# Wandering point

A point $q$ in the phase space $R$ of a dynamical system $f(p,t)$ with a neighbourhood $U(q)$ for which there exists a moment in time $T$ such that $f(U(q),t)$ has no common points with $U(q)$ for all $t\geq T$ (all points of $U(q)$, from some moment on, leave the neighbourhood $U(q)$). A point $q$ without such a neighbourhood is said to be non-wandering. This property of a point — to be wandering or non-wandering — is two-sided: If $f(U(q),t)$ has no common points with $U(q)$, then $U(q)$ has no common points with $f(U(q),-t)$. A wandering point may become non-wandering if the space $R$ is extended. For instance, if $R$ is a circle with one rest point $r$, all points of $R\setminus r$ are wandering points. They become non-wandering if the points of some spiral without rest points, winding itself around this circle from the outside or from the inside, are added to $R$.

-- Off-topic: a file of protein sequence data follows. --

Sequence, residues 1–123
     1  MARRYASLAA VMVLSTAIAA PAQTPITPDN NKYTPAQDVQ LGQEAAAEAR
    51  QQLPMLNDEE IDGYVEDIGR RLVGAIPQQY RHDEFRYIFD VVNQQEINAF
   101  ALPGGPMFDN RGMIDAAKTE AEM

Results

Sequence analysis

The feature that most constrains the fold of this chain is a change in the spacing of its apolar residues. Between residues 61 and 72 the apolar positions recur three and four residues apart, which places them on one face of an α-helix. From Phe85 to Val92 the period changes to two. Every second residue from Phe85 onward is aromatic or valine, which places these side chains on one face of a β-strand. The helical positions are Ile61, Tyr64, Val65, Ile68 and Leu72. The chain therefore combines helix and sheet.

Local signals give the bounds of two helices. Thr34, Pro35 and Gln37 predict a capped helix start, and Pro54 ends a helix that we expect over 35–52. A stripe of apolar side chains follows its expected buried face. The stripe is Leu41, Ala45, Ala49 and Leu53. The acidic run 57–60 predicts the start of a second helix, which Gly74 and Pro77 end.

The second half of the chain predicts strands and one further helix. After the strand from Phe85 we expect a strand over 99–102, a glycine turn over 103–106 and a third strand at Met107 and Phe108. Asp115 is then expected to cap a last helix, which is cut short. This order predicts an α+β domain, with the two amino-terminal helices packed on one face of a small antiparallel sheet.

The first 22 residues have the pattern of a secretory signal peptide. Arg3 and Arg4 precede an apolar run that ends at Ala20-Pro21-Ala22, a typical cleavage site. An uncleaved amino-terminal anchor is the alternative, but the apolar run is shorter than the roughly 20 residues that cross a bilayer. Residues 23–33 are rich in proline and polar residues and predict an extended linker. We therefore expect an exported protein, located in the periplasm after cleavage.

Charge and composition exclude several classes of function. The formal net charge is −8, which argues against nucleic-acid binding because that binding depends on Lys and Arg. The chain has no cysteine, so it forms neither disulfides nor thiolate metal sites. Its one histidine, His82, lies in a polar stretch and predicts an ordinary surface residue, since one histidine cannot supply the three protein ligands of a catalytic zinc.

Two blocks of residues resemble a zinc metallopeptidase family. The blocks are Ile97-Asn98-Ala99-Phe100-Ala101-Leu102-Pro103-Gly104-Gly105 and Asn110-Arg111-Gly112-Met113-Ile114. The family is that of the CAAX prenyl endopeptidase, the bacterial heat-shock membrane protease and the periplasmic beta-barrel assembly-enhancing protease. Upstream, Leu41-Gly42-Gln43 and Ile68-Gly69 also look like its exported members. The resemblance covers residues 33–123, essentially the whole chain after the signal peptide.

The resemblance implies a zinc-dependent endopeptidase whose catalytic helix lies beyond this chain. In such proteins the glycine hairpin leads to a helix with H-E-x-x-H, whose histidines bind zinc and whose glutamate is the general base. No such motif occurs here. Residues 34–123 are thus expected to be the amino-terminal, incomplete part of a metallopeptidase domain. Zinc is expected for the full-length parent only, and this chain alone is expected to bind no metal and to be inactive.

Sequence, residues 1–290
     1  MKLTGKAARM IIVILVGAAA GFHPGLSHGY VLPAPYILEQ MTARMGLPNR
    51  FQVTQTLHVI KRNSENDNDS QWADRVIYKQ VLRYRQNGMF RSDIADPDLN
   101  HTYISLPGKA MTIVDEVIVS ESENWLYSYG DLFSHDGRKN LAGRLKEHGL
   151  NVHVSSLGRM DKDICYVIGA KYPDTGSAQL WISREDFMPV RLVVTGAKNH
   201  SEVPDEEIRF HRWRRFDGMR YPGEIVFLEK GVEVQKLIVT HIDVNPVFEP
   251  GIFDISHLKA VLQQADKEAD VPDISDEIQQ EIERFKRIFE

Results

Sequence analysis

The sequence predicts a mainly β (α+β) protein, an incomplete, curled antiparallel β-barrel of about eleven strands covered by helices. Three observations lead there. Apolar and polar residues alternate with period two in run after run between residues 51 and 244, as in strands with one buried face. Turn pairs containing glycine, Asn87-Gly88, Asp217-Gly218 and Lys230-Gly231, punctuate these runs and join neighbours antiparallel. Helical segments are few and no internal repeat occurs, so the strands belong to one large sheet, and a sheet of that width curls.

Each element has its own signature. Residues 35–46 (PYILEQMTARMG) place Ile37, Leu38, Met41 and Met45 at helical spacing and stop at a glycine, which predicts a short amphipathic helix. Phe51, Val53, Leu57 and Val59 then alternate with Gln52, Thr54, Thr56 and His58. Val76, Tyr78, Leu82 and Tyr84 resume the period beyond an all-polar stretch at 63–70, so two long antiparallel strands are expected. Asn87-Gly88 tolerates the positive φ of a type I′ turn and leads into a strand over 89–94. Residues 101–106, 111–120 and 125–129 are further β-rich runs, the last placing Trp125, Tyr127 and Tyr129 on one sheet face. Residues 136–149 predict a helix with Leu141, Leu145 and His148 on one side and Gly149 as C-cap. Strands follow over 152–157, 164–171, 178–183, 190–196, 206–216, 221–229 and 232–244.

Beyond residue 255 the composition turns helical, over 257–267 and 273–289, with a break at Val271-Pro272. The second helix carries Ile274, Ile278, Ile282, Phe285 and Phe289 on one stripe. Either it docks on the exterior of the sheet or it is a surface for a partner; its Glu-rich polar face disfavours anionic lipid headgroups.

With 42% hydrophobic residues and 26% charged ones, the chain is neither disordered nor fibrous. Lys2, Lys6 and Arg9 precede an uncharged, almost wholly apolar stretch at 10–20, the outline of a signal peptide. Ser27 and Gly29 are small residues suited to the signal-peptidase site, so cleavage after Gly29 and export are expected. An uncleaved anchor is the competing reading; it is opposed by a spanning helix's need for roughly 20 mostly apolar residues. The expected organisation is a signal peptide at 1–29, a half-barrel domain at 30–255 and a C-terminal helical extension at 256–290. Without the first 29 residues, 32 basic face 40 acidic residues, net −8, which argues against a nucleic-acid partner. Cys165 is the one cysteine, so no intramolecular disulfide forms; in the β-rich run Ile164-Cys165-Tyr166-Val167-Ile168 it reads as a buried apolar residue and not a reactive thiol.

#### Comments

A set $A\subset R$ is positively recursive with respect to a set $B\subset R$ if for all $T$ there is a $t>T$ such that $f(B,t)\cap A\neq\emptyset$. Negatively recursive is defined analogously. A point $x$ is then non-wandering if every neighbourhood of it is positively recursive with respect to itself (self-positively recursive). A point $x$ is positively Poisson stable (negatively Poisson stable) if every neighbourhood of it is positively recursive (negatively recursive) with respect to $\{x\}$. A point is Poisson stable if it is both positively and negatively Poisson stable. If $P\subset R$ is such that every $x\in P$ is positively or negatively Poisson stable, then all points of $\bar P$ are non-wandering. See also Wandering set.

#### References

[a1] | N.P. Bhatia, G.P. Szegö, "Stability theory of dynamical systems" , Springer (1970) pp. 30–36 |

**How to Cite This Entry:**

Wandering point.

*Encyclopedia of Mathematics.*URL: http://encyclopediaofmath.org/index.php?title=Wandering_point&oldid=32283